Implementing Effective E-commerce Strategies

For Manufactures Only Implementing Effective E-commerce Strategies By Richard Rowe May 2001 So, you want to do business online, but haven’t a clue how to start. You are in good company. In the constantly evolving world of e-business, the...

A recent report in the E-Commerce Times detailed how the U.S. government is considering the launch of a federally funded e-commerce pilot program designed to help small- and medium-sized manufacturers take their business online. If passed, the new proposal would create a network of centers across the country that would offer technical know-how, training and guidance for manufacturers. The thinking is that smaller businesses--the backbone of many an economy--have been slow to adapt to e-commerce, and there is a fear that they might be left behind.

Currently, it’s hard to tell how many small businesses regard the Internet as a place for buying or selling goods. Interestingly, of those who responded to the GSE Today website survey, just over 50 percent said they would consider buying used equipment online. The fact is, however, that most small business websites in this industry act merely as brochures. They are stationary pages that list products and provide contact information, but have no capacity to conduct e-commerce transactions.

The two key questions that businesses ask themselves before stepping online are probably, "How do I do it?" and "How much will it cost me?" I can’t pretend to have the answers, but the good news is that in this age of rising Internet sales, the competition between e-commerce solutions providers is intense and the costs are coming down. Many have teamed up with Internet Service Providers (ISPs) and web hosters, so the chance of finding a one-stop solution system provider is good.

What must be remembered is that developing a website is no different to developing any other kind of external image. It’s about developing a positive brand that is clearly recognizable and attractive—it’s just that this time the target is the online consumer. But beware, experts warn that there is much more to developing an online image than simply duplicating any branding carefully built up in print media. Forget flashy images and jazzy text; it’s all about enhancing the kind of one-to-one relationships that make the Internet unique. Consumers must be given the best (or simplest) interactive experience possible. Never forget that web brands are multi-dimensional and need to engage a customer, and make him or her want to return time and time again.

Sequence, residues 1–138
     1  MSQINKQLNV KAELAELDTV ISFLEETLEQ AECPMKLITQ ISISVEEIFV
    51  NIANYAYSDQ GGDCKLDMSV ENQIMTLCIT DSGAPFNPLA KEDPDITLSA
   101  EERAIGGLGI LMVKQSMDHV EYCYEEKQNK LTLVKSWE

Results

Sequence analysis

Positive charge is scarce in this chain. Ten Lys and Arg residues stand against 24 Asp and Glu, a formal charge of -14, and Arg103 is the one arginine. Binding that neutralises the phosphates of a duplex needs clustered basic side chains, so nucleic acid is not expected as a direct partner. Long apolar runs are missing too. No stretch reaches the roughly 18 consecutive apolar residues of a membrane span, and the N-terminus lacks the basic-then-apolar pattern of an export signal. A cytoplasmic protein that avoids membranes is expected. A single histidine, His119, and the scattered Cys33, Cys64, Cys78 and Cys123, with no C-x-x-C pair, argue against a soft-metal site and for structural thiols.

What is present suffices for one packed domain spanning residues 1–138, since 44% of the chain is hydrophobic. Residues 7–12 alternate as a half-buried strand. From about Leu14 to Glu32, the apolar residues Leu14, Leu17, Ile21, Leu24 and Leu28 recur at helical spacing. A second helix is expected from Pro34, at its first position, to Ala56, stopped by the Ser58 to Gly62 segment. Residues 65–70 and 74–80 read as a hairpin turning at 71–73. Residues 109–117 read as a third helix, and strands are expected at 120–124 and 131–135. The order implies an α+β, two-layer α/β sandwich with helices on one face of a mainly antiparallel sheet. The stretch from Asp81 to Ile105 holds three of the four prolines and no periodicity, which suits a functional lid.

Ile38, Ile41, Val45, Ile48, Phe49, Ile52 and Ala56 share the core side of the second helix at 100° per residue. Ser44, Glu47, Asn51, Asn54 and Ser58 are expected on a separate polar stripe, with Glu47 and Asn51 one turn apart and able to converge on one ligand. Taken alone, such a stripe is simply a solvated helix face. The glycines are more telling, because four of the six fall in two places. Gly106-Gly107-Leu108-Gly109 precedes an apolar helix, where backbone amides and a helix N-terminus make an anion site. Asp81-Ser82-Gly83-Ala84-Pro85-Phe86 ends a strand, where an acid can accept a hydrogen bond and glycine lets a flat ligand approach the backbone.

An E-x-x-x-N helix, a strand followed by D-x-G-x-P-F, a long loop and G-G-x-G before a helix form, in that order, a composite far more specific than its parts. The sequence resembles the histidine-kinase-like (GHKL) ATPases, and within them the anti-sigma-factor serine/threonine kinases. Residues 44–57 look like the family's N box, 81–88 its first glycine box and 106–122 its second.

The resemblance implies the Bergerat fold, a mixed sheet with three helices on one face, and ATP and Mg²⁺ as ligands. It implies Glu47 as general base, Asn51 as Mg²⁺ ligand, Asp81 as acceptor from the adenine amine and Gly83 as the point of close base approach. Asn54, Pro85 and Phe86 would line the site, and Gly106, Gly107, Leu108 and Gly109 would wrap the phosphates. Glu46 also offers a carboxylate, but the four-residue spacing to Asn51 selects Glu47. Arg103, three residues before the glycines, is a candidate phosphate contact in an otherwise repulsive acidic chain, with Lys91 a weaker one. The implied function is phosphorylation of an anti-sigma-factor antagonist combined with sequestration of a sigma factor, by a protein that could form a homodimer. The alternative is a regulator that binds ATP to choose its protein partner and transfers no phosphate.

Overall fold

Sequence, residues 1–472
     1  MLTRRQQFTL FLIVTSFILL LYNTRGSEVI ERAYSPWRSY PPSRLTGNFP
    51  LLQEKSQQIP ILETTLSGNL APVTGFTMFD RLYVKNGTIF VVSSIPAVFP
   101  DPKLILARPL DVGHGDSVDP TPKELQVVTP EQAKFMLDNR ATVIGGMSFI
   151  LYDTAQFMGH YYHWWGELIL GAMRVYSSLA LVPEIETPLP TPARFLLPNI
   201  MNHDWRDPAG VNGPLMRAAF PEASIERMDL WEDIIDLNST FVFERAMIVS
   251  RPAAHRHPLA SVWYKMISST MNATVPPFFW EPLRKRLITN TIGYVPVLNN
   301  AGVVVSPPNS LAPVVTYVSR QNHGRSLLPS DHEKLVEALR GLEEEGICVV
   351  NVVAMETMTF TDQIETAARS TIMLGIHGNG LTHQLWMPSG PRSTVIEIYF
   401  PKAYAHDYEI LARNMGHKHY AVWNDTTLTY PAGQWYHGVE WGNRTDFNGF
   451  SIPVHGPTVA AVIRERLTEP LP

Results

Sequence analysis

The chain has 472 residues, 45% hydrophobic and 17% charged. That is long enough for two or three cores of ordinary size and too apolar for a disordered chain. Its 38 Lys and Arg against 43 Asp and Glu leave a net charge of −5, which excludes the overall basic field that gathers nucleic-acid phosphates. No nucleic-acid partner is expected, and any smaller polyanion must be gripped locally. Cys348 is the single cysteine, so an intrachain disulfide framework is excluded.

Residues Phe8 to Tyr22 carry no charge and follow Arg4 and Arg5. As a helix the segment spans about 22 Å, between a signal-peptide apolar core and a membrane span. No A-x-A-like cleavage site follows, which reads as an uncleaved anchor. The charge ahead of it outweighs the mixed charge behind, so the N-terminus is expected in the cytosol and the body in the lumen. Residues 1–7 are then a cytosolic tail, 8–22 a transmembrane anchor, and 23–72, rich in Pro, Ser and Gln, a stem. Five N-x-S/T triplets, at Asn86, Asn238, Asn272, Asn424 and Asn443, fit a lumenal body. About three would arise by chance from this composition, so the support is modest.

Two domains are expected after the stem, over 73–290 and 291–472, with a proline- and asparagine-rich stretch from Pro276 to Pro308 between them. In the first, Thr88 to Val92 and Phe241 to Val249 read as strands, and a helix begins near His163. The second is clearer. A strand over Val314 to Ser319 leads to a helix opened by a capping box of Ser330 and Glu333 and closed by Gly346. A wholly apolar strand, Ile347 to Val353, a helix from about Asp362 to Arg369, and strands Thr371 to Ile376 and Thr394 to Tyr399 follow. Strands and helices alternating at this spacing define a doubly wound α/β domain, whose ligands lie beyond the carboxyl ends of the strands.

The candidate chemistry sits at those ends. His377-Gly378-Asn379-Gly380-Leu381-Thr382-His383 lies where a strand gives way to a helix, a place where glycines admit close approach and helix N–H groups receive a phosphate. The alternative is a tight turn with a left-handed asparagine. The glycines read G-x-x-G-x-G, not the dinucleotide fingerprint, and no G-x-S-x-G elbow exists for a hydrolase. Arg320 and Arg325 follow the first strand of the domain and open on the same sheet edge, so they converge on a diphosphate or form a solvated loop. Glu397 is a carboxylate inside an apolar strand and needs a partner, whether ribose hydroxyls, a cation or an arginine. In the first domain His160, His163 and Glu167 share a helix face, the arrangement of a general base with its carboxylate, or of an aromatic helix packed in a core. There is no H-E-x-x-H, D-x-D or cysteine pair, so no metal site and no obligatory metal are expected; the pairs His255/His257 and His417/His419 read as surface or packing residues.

Like any form of promotion, bad advertising is worse than no advertising. Keep it simple, and make the technology you buy into and the end result fit your business targets. Rather than make you look like an all-knowing sophisticate, the array of web applications that can add bells and whistles to your site might just serve to irritate. What’s hot for one site may not be hot for another.

Although building an electronic storefront or developing a website appears daunting, it needn’t be. Our advice is to use the legion of e-commerce products and services that are out there to your advantage. Conversely, if selling on the web is not a key objective for your company, don’t. It’s certainly not for everyone. You could go for a purely promotional brochure site that promotes foot traffic to your door like you have done for years using more traditional means. Or you could opt for just one or two added value items on your website, such as online product quotations and credit applications in addition to the usual digital brochures.

In our own research, we have logged plenty of words from the wise. Don’t try and develop a site that is overly complex. Offer clear, easy navigation. Most people download websites using relatively slow modems so avoid massive content and flashy graphics. Go with a turnkey solution provider. Be aware that products that sell normally may not sell online. Above all, make it a good experience.

Also, be aware of the risks. E-commerce is changing the way we do business, but it also changing the risk of doing that business. Consider a risk assessment of your exposure to issues such as intellectual property rights, security exposures, business interruption, and reputation exposure.

With all of the above in place you will have a website or a store that is always open to anyone in the world with a computer and an Internet connection. And that’s most of us.

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